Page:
[OPE-L:2844] Market price of Capital

From: Gerald Levy (glevy@pratt.edu)
Date: Fri Apr 14 2000 - 07:51:46 EDT

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Makoto wrote in [OPE-L:2843]:

> This is a mail for a pause to relax. Does anyone know or remember
> recent past market price(s) of Capital, not of Penguin edition, but the
> first 1867 German edition to sell or to buy in a book market around you?
> In a catalogue of a Japnese bookshop, four volumes of the first German
> edition of Das Kapital vol.1-3, 1867-94, vol.3 is in two volumes) is
> priced 2,850,000 yen (about 106 yen = 1 US dollar).

Something is wrong with these figures since it would literally mean that,
using the exchange rate suggested above, the set should sell in the US for
approximately $26,887 (which is a figure somewhat greater than the total
annual income for the majority of families in the US)!

> I wonder if the prices are not fairly competitive in a global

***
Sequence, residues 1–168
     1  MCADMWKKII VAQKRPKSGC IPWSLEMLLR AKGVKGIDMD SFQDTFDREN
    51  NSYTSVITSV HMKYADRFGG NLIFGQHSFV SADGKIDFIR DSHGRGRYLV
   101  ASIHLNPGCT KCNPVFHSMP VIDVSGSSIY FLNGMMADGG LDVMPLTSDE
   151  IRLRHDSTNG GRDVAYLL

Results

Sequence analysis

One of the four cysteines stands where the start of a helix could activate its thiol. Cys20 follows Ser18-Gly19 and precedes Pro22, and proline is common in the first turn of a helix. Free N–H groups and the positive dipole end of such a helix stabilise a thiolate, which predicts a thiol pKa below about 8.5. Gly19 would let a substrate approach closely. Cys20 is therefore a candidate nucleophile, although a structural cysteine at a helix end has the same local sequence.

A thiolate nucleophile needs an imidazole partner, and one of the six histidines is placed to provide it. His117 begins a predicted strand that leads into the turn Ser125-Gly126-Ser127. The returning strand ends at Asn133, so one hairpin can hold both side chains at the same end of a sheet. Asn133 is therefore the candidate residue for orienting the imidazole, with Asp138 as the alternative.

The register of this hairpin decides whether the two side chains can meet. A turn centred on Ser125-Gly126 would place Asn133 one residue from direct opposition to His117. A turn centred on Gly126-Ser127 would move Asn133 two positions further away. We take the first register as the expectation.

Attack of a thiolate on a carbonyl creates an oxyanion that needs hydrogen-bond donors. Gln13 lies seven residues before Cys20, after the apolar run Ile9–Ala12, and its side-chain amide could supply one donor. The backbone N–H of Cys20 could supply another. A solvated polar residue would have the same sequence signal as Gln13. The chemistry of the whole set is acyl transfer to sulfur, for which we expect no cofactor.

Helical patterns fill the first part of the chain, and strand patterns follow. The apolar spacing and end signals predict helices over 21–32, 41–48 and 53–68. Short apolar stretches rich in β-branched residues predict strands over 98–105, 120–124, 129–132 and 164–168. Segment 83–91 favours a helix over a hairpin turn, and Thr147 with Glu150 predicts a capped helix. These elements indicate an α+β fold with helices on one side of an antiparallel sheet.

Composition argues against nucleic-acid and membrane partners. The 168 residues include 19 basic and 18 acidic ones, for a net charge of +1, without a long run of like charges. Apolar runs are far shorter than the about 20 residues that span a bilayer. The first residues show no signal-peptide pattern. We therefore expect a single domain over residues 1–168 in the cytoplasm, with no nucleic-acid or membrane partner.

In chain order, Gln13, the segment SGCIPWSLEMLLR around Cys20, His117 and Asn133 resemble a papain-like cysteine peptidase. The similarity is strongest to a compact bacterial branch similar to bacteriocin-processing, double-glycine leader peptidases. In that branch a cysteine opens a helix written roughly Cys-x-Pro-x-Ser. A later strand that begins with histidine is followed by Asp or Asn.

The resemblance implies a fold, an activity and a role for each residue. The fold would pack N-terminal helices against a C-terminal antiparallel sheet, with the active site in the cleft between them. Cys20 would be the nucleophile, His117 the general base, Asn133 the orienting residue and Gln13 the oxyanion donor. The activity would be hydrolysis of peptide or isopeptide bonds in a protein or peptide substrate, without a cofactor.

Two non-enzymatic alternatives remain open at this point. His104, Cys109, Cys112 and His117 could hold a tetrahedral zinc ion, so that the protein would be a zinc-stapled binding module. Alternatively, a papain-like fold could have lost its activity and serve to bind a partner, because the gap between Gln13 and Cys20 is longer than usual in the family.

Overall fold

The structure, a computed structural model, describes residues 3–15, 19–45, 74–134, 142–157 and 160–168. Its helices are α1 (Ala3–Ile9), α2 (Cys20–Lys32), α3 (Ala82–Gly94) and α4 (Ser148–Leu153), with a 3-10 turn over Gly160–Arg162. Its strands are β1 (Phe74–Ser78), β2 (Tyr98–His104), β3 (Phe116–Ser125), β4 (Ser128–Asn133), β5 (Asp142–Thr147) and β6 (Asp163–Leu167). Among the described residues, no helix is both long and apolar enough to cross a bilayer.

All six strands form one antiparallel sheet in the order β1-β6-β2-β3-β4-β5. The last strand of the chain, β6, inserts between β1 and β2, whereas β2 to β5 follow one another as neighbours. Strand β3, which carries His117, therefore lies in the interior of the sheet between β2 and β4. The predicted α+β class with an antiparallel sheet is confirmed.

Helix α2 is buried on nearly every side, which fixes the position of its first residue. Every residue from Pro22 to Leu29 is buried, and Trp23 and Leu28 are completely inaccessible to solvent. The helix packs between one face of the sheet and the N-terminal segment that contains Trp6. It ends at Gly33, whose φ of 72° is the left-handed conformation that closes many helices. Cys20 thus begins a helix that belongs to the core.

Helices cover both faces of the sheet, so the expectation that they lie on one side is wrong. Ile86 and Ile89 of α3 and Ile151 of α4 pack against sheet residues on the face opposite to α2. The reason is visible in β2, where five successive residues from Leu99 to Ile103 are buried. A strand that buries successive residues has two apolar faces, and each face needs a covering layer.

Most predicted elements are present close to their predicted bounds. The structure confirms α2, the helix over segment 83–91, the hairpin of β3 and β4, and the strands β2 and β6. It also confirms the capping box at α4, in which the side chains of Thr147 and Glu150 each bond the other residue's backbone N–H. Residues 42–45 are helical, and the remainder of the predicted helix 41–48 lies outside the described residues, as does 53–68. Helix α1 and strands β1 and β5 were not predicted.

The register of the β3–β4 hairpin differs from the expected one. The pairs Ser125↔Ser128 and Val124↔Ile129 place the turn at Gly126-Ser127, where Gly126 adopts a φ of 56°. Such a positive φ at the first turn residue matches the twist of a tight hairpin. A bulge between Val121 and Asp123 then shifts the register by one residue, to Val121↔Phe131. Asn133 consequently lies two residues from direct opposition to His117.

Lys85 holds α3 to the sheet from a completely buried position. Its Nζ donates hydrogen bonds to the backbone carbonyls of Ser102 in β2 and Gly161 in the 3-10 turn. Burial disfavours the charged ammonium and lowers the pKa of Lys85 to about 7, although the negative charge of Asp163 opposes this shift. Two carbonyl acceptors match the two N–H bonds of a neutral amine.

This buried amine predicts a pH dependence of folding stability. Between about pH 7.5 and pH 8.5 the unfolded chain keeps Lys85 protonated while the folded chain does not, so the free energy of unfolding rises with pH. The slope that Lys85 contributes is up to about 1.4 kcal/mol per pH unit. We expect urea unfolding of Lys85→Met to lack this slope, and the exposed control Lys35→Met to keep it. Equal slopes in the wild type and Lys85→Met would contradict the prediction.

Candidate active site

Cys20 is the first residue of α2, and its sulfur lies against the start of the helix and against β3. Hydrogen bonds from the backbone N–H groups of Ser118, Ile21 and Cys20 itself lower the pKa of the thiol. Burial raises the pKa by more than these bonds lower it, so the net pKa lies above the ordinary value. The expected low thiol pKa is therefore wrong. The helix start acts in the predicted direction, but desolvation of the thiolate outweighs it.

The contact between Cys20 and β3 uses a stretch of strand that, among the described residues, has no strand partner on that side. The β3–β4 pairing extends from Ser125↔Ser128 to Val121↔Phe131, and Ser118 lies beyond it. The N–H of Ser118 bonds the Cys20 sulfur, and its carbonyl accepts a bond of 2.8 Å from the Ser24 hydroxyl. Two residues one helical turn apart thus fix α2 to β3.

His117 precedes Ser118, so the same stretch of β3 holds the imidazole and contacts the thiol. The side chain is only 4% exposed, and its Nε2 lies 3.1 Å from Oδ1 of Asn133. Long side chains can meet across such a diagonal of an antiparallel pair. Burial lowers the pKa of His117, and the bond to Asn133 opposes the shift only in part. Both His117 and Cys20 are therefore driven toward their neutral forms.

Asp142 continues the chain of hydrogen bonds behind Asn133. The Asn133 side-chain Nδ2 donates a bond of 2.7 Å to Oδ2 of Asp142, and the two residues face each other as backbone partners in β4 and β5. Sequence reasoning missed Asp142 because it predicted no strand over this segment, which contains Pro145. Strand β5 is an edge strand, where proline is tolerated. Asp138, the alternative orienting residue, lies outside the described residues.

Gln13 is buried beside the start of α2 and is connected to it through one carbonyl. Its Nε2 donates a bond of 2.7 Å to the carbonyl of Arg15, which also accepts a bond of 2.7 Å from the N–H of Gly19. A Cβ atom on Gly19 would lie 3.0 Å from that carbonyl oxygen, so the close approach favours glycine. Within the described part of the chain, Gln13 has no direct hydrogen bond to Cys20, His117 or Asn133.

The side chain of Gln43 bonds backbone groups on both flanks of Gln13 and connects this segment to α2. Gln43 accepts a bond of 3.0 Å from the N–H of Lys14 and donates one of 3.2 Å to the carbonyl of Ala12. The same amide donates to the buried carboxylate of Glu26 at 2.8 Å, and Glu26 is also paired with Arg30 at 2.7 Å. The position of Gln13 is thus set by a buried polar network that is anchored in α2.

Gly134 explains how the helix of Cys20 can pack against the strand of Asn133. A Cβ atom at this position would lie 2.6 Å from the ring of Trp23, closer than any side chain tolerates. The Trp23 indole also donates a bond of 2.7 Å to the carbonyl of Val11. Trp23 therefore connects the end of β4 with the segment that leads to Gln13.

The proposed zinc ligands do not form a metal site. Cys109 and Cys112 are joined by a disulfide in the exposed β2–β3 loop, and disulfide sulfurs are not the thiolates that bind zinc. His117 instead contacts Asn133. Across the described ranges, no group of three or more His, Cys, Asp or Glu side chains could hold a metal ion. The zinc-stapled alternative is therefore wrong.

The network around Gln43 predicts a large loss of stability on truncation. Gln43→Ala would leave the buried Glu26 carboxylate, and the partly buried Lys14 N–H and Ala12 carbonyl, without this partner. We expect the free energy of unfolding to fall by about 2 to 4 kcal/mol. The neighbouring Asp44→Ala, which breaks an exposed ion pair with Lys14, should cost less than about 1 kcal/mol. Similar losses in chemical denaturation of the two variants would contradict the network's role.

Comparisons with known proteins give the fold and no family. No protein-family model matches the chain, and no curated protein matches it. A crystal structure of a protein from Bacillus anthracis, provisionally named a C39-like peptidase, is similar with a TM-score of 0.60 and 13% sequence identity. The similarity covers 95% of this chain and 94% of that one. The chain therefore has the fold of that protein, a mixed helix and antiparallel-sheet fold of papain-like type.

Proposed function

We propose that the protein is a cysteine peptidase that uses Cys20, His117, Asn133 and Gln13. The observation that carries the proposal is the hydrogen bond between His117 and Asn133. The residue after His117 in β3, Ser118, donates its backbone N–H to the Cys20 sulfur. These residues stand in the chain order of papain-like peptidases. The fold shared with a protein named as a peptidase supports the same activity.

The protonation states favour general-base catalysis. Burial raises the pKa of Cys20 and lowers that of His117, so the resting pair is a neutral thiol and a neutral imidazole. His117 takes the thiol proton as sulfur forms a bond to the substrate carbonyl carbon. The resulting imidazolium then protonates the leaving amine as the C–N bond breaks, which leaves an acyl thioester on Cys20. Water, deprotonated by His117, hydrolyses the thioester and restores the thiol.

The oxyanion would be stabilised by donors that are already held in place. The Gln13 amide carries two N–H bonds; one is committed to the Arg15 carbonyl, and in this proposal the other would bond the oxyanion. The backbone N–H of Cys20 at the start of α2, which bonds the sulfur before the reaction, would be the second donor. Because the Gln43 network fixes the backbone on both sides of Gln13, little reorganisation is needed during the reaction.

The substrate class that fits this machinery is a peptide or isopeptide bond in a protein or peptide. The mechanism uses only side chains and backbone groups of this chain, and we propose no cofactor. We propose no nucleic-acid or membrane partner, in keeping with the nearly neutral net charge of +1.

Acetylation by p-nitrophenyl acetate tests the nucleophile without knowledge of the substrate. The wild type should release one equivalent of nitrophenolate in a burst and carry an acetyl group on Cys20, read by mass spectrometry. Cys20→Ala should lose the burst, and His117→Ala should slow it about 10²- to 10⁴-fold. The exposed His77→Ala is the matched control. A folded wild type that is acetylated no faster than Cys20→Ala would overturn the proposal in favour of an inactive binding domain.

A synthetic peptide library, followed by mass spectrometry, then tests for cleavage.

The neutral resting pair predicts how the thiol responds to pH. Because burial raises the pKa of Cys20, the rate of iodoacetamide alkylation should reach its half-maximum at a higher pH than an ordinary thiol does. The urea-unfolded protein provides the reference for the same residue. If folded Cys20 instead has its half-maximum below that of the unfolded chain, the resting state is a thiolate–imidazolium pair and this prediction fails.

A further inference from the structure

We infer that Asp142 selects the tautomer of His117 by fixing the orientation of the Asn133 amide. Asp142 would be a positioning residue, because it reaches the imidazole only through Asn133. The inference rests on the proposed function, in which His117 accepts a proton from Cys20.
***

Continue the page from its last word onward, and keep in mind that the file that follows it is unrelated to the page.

> market(?!). Are they not amazing? How do you feel?

What's even more amazing is that the same edition (?) is available
on-line *for free*. In fact, isn't it at fellow listmember Michio Akama's
www site?

While the market price of traditionally printed scholarly articles and
books keeps going up beyond the financial means of most scholars (and
workers), the cost of being able to obtain many of these same materials
on-line can be reduced to the cost of getting on-line, which has been
reduced drastically and can be expected to decrease still further in the
years to come. This has important political implications.

btw, I'm toying with an idea for changing the readings for a course I
teach at Pratt in the Fall called "Capitalism & Socialism". Like the
students, I am frustrated by the increasing cost of textbooks. So, my idea
is to assign readings for the course *entirely* from materials available
on the Internet for free. I've already decided to assign the
Cockshott/Cottrell book on "Towards a New Socialism". Does anyone have any
further suggestions for readings (books and/or articles) for this course
(which is basically a advanced undergraduate and graduate class on
comparative economic systems)? Do others have experience teaching a class
with readings drawn *entirely* from the Internet?

In solidarity, Jerry

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